Be The First to Take Kō Hana Rum’s Distillery Tour

Savor a little bit of sugar cane history in Kunia.
Kō Hana Rum works with Kunia Country Farms to educate 1,000 schoolchildren every semester via agricultural field trips. Kunia Country Farms produces 500 heads of lettuce and 1,000 pounds of salad mix every week, with everything growing on coconut husk rafts. 
Photos: Lennie Omalza 


Kō Hana rum has been around for a couple of years, but the hardworking crew over at Manulele Distillers out on the West Side is now offering public tours and tastings. We caught up with Kyle Reutner,  Kō Hana brand manager, to learn all about it.  


“We have a lot of love for this cane,” Reutner says, referring to the 12 acres of sugar cane Manulele has on the old Del Monte land in Kunia, as well as on 14 acres in Waialua. It is with this cane that founders Jason Brand and Robert Dawson have been creating Kō Hana rum. From dark purple and light purple to red and green, each sugar cane varietal is unique, with its own taste, sugar content and history. There are approximately 90 varieties in the  Kō Hana collection right now. “We’re trying to make sure none of them go away,” Reutner says. “We want to preserve them all.”  


Only one varietal is harvested at a time, and its fresh juice (as opposed to molasses, which is used to produce most other rums) is mixed with native Hawaiian cacao yeast, then distilled. After the distillation process, the creation either sits in a stainless steel container for 90 days, or it’s barrel-aged. “We’re feeling it, we’re smelling it and we’re tasting it,” Reutner says. “We’re very picky.” Once the team has eliminated anything that isn’t up to par, the rum agricole that remains is as pure as can be, with no added sugars or other additives. With so much care put into the product from beginning to end, it’s no surprise that the entire process—from cane growing in the field to the rum being bottled—takes approximately 16 months. It can take even longer if the rum is barrel-aged.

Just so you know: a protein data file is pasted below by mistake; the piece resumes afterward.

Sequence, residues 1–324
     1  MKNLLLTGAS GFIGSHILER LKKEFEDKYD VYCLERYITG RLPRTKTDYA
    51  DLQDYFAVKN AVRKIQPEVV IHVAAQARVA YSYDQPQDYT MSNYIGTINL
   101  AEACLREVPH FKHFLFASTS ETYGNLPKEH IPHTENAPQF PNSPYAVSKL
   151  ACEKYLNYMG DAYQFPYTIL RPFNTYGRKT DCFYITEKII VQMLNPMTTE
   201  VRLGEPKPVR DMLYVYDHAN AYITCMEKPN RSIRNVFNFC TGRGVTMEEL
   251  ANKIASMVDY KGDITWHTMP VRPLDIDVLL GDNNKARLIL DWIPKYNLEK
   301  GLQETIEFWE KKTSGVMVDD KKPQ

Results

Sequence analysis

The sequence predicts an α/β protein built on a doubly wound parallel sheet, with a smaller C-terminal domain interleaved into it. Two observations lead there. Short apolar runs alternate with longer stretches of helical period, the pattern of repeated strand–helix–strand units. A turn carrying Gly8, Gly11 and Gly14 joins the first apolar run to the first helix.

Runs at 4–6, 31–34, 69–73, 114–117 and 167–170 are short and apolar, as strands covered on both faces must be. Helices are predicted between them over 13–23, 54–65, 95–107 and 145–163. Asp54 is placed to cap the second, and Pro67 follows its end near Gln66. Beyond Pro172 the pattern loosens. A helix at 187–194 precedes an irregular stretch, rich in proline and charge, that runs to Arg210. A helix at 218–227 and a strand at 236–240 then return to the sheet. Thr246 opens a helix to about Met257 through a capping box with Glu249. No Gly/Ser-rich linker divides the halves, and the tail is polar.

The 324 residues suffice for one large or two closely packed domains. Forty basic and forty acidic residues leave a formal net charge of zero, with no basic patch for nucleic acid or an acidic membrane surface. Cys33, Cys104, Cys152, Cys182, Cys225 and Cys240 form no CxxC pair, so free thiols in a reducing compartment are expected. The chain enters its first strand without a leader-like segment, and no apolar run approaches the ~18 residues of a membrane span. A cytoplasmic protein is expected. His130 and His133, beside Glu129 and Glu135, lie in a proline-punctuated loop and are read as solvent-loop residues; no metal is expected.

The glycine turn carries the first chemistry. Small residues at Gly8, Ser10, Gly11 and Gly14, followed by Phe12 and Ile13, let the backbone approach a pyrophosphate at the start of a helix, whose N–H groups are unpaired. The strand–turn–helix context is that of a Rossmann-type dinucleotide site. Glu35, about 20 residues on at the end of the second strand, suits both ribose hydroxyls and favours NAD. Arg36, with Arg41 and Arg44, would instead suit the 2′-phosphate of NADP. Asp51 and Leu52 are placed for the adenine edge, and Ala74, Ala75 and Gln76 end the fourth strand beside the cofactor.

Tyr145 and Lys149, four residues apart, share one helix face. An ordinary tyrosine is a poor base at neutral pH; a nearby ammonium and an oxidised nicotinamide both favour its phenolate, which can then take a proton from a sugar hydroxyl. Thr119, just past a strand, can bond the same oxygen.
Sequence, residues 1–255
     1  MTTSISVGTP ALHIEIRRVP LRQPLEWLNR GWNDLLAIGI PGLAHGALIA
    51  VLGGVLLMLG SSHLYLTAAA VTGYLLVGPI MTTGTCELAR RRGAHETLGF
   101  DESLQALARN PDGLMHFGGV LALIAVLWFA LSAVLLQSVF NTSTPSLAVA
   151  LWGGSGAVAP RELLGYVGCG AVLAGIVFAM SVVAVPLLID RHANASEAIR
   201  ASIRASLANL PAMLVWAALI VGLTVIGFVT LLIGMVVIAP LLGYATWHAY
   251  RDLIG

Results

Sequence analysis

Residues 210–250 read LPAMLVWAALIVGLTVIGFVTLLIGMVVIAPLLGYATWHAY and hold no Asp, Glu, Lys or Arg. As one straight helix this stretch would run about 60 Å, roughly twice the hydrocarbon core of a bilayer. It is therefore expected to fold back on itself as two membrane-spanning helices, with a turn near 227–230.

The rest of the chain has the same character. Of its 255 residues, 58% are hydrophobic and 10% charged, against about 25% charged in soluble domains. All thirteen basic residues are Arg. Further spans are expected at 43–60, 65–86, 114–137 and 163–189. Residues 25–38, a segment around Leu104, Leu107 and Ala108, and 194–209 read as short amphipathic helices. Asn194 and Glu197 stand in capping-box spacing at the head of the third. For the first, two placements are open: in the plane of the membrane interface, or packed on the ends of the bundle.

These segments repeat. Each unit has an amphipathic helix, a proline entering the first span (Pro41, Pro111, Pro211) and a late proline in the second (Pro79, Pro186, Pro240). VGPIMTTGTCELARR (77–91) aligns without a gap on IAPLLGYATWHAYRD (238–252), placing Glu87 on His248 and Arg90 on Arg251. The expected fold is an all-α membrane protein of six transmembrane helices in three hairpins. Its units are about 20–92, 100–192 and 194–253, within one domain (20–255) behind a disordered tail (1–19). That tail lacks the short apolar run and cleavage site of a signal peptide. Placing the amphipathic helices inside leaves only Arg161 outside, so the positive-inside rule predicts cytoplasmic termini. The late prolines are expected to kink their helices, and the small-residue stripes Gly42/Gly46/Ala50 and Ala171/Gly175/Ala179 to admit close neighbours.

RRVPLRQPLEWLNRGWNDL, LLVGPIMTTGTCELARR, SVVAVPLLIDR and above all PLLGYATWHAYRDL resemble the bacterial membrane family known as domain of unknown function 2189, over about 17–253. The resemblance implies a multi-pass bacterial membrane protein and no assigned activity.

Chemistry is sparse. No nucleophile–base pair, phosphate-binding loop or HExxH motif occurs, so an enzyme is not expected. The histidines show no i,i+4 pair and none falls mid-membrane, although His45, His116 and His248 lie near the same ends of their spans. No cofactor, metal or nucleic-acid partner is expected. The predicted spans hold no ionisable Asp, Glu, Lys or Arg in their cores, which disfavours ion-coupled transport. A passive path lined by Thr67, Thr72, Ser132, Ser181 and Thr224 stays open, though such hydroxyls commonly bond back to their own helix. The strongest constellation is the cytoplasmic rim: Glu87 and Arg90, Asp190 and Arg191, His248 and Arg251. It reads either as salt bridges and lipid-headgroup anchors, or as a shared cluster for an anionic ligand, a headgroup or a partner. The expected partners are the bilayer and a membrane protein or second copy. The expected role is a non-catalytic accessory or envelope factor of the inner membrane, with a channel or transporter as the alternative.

But once it’s done, the distinct tastes of the different kinds of rum are mind blowing. Kō Hana produces three main types: Kea, its white rum; Koa, which is a barrel select, meaning it was aged in small batches; and the barrel-strength Koho, which has been matured twice. The flavors range from being fresh, almost fruity and vodkalike to having a fuller, more robust flavor, like whisky. Each bottle also has the type of sugar cane it’s distilled from handwritten on the label, so you know exactly what you’re drinking.  


Kō Hana is not yet available in stores, but bottles can be ordered online or purchased directly from the distillery during tours and tasting hours, which are Wednesdays from 10 a.m. to 3 p.m. Private tours are also available by appointment. Just drink with caution—between the rum-flavored gelato served as a refreshment and the 110-proof samples you’ll be tasting, you may leave a little bit tipsy.  


Manulele Distillers, 92-1770 Kunia Road #227, Kunia Camp, Waipahu, 649-0830,